Mainstream Religious Leaders Urge Bush To Push Hard on Middle East Peace

Jim Lobe,, 1/19/2005

Saturday, January 15, 2004

WASHINGTON - Leaders of 25 national Jewish, Muslim, and Christian organizations are urging President George W. Bush to join with the European Union (EU) and the United Nations to make a major new commitment to forge peace between Israelis and Palestinians.

In a formal appeal to the president issued Thursday, the National Interreligious Leadership Initiative for Peace in the Middle East (NLIP), urged President Bush to appoint a top-level special envoy to oversee Israel's proposed disengagement from Gaza. The group urged the Bush administration to work for the execution of the plan within the larger framework of the 2003 "Road Map" for the creation of a viable, independent Palestinian state alongside a secure Israel.

According to the group, Israeli Prime Minister Ariel Sharon's Gaza disengagement plan, coupled with other recent events—the realignment of his government to include the more-dovish Labor Party, and Sunday's election of Mahmoud Abbas to succeed the late Yassir Arafat as president of the Palestinian Authority (PA)—offer an unprecedented opportunity for progress. In the light of these developments, the NLIP pledged to "mobilize our communities' support nationwide" for a more-assertive U.S. role in the process.

"Mr. President, based on the deepest beliefs in our three Abrahamic religious traditions and on past progress and current new opportunities, we believe peace is possible," the NLIP appeal stated. "And we believe determined U.S. leadership is essential for achieving peace."

The NLIP, which was created in 2003 amid a downward cycle of violence between Israelis and Palestinians, represents almost all of the mainstream Protestant denominations—the Reform, Conservative, and Reconstructionist branches of Judaism; the U.S. Catholic bishops; and leaders of the largest national Muslim organizations.

It also includes several influential Christian evangelical leaders, such as the heads of Fuller Theological Seminary, the Leighton Ford Ministries, and the humanitarian group, World Vision.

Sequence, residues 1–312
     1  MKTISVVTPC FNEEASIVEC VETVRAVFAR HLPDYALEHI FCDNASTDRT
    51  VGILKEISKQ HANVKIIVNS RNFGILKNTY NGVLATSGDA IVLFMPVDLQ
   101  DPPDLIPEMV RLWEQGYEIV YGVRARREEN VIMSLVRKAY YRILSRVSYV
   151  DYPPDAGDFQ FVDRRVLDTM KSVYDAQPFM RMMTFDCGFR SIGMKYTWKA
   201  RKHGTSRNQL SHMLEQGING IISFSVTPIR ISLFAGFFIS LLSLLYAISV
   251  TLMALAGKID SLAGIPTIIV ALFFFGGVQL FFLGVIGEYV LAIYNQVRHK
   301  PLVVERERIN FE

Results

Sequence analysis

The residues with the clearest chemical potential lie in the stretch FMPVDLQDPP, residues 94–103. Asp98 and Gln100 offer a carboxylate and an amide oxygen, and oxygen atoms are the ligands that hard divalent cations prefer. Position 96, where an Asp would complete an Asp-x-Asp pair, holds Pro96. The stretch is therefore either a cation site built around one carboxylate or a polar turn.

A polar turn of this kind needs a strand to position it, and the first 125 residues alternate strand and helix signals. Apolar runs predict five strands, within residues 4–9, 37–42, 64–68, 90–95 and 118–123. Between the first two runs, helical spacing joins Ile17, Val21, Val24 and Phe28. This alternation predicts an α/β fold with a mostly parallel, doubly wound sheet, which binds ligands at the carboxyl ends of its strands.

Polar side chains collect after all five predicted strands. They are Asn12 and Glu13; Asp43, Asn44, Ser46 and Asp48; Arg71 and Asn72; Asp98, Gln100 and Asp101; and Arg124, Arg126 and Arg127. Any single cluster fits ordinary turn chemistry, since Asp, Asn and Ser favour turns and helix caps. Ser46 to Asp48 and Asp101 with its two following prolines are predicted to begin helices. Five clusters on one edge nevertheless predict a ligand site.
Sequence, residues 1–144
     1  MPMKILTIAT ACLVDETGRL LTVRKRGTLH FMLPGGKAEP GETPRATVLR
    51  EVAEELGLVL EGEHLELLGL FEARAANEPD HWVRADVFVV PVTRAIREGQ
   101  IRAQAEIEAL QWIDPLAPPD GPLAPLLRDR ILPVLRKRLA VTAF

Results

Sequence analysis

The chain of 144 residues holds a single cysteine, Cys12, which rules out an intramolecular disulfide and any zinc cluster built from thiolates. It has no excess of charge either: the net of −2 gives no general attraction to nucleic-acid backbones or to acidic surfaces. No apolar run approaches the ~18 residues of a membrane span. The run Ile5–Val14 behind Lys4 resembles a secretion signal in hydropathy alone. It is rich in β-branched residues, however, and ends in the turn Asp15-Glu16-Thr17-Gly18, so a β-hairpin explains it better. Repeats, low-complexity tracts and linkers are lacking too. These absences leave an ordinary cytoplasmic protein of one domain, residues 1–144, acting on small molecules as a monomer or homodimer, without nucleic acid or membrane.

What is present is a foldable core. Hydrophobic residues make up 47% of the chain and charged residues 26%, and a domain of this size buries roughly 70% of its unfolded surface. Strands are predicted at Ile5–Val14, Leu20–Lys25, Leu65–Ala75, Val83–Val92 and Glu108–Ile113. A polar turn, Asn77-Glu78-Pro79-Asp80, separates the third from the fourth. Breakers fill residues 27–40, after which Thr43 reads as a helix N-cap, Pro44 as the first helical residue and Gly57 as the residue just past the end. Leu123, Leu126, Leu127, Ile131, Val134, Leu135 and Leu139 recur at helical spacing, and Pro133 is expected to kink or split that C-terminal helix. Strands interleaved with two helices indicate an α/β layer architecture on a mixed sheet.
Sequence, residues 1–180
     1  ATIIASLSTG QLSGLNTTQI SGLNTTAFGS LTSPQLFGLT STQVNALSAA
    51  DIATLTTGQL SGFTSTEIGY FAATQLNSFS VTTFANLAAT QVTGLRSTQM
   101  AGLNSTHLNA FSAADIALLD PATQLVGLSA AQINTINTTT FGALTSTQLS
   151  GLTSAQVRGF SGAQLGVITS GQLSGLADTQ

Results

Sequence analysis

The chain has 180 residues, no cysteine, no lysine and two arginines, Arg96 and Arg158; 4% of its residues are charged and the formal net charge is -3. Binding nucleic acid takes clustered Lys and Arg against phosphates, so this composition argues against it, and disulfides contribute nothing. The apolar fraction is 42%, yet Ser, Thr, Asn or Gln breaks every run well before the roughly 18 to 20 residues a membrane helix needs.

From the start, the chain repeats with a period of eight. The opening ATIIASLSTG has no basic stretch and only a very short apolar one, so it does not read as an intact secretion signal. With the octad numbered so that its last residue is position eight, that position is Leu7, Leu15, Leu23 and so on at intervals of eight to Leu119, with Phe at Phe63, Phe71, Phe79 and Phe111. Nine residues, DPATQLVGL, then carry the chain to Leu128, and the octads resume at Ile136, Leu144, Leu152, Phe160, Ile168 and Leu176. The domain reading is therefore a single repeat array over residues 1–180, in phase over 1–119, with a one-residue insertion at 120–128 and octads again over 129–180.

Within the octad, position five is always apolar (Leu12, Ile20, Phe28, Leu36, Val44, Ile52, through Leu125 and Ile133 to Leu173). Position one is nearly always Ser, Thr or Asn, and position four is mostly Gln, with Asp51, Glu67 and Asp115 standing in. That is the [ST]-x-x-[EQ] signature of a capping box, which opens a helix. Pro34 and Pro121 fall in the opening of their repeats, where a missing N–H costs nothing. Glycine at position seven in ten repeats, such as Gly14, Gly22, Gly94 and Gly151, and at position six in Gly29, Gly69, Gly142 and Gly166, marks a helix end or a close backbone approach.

"We represent a significant portion of the collective soul of religious America," said Rabbi Alvin Sugarman, head of 'A Different Future', a peace group based in Atlanta.

In addition to the appointment of a full-time presidential envoy to work with Washington's co-sponsors of the Road Map—the EU, the UN, and Russia—the group is calling for the negotiation of a timetable for "specific, simultaneous steps" to be taken by the PA and Israel under the Road Map that would be subject to "effective and highly visible" international monitoring to assure implementation by both sides.

It is also calling for the mobilizations of increased economic aid, that is also heavily monitored, to help build up the PA's ability to enforce security, prevent violent attacks on Israelis, and deliver humanitarian aid, vital services, and employment to the Palestinian people.

It also urges the establishment of benchmarks for the achievement of mutually acceptable peace accords based largely on earlier progress made under the 1993 Oslo process and the so-called "Geneva Accords,"—a model agreement worked out by representatives of Israeli and Palestinian non-governmental organizations last year.

The group said its members have been encouraged by talks with senior Bush administration officials to believe that the president shared their view that this was the moment to press all parties to resume serious peace negotiations. "This is what we're hearing from the administration itself," said Rabbi David Saperstein, director of the Religious Action Center for Reform Judaism in Washington.

Indeed, the Bush administration had urged Sharon to cooperate fully with the PA in carrying out the recent presidential elections in Palestine. It also urged him to support Abbas' effort to consolidate his position, implement reforms, and strengthen the PA—whose mandate has been badly damaged by both the Palestinian intifada and Israeli reprisals.